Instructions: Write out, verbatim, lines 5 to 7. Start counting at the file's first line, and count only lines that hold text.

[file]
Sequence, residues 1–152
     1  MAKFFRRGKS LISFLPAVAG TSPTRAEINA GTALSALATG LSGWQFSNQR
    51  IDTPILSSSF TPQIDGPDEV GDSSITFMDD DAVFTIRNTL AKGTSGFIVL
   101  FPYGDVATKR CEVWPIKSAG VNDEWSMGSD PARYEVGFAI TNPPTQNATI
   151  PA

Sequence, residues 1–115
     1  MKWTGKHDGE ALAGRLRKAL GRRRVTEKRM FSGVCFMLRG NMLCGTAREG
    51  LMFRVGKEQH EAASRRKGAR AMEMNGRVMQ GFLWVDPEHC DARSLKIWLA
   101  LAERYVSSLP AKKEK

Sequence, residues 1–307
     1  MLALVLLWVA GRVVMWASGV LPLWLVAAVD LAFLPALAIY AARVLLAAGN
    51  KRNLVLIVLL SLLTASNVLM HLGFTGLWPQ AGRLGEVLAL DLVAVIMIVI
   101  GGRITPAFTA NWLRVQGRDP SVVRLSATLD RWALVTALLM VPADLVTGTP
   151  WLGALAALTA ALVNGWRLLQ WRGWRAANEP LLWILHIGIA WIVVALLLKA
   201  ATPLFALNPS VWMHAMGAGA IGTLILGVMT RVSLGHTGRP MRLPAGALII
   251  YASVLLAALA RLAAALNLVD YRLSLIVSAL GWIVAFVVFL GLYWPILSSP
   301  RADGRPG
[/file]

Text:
   151  PA

Sequence, residues 1–115
     1  MKWTGKHDGE ALAGRLRKAL GRRRVTEKRM FSGVCFMLRG NMLCGTAREG